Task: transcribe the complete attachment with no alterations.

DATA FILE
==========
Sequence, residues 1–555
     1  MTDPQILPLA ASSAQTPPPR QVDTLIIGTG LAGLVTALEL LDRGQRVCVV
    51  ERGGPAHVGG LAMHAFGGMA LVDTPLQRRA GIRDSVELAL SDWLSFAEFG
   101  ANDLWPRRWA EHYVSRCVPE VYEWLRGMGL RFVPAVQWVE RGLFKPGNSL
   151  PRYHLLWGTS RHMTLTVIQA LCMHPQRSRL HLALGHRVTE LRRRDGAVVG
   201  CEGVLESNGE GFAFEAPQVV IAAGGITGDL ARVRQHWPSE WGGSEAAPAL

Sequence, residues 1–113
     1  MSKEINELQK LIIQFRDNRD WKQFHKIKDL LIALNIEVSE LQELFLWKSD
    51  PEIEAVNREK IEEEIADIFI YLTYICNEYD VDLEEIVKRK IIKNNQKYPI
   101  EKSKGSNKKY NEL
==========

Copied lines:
Sequence, residues 1–555
     1  MTDPQILPLA ASSAQTPPPR QVDTLIIGTG LAGLVTALEL LDRGQRVCVV
    51  ERGGPAHVGG LAMHAFGGMA LVDTPLQRRA GIRDSVELAL SDWLSFAEFG
   101  ANDLWPRRWA EHYVSRCVPE VYEWLRGMGL RFVPAVQWVE RGLFKPGNSL
   151  PRYHLLWGTS RHMTLTVIQA LCMHPQRSRL HLALGHRVTE LRRRDGAVVG
   201  CEGVLESNGE GFAFEAPQVV IAAGGITGDL ARVRQHWPSE WGGSEAAPAL

Sequence, residues 1–113
     1  MSKEINELQK LIIQFRDNRD WKQFHKIKDL LIALNIEVSE LQELFLWKSD
    51  PEIEAVNREK IEEEIADIFI YLTYICNEYD VDLEEIVKRK IIKNNQKYPI
   101  EKSKGSNKKY NEL